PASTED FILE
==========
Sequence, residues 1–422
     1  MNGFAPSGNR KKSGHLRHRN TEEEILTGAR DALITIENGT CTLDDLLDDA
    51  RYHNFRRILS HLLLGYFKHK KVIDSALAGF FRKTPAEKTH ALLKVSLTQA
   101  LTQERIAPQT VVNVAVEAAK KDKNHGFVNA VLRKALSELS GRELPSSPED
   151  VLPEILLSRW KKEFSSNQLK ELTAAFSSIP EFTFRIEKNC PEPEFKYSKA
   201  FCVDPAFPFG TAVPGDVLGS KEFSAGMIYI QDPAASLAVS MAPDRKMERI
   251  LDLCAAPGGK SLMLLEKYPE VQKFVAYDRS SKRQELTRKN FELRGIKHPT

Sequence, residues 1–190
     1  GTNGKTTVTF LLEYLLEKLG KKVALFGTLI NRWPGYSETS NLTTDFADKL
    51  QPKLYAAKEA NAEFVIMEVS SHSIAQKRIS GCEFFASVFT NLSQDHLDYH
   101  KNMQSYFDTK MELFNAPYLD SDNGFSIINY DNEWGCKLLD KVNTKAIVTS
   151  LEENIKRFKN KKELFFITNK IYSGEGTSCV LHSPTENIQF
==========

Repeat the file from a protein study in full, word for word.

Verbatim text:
Sequence, residues 1–422
     1  MNGFAPSGNR KKSGHLRHRN TEEEILTGAR DALITIENGT CTLDDLLDDA
    51  RYHNFRRILS HLLLGYFKHK KVIDSALAGF FRKTPAEKTH ALLKVSLTQA
   101  LTQERIAPQT VVNVAVEAAK KDKNHGFVNA VLRKALSELS GRELPSSPED
   151  VLPEILLSRW KKEFSSNQLK ELTAAFSSIP EFTFRIEKNC PEPEFKYSKA
   201  FCVDPAFPFG TAVPGDVLGS KEFSAGMIYI QDPAASLAVS MAPDRKMERI
   251  LDLCAAPGGK SLMLLEKYPE VQKFVAYDRS SKRQELTRKN FELRGIKHPT

Sequence, residues 1–190
     1  GTNGKTTVTF LLEYLLEKLG KKVALFGTLI NRWPGYSETS NLTTDFADKL
    51  QPKLYAAKEA NAEFVIMEVS SHSIAQKRIS GCEFFASVFT NLSQDHLDYH
   101  KNMQSYFDTK MELFNAPYLD SDNGFSIINY DNEWGCKLLD KVNTKAIVTS
   151  LEENIKRFKN KKELFFITNK IYSGEGTSCV LHSPTENIQF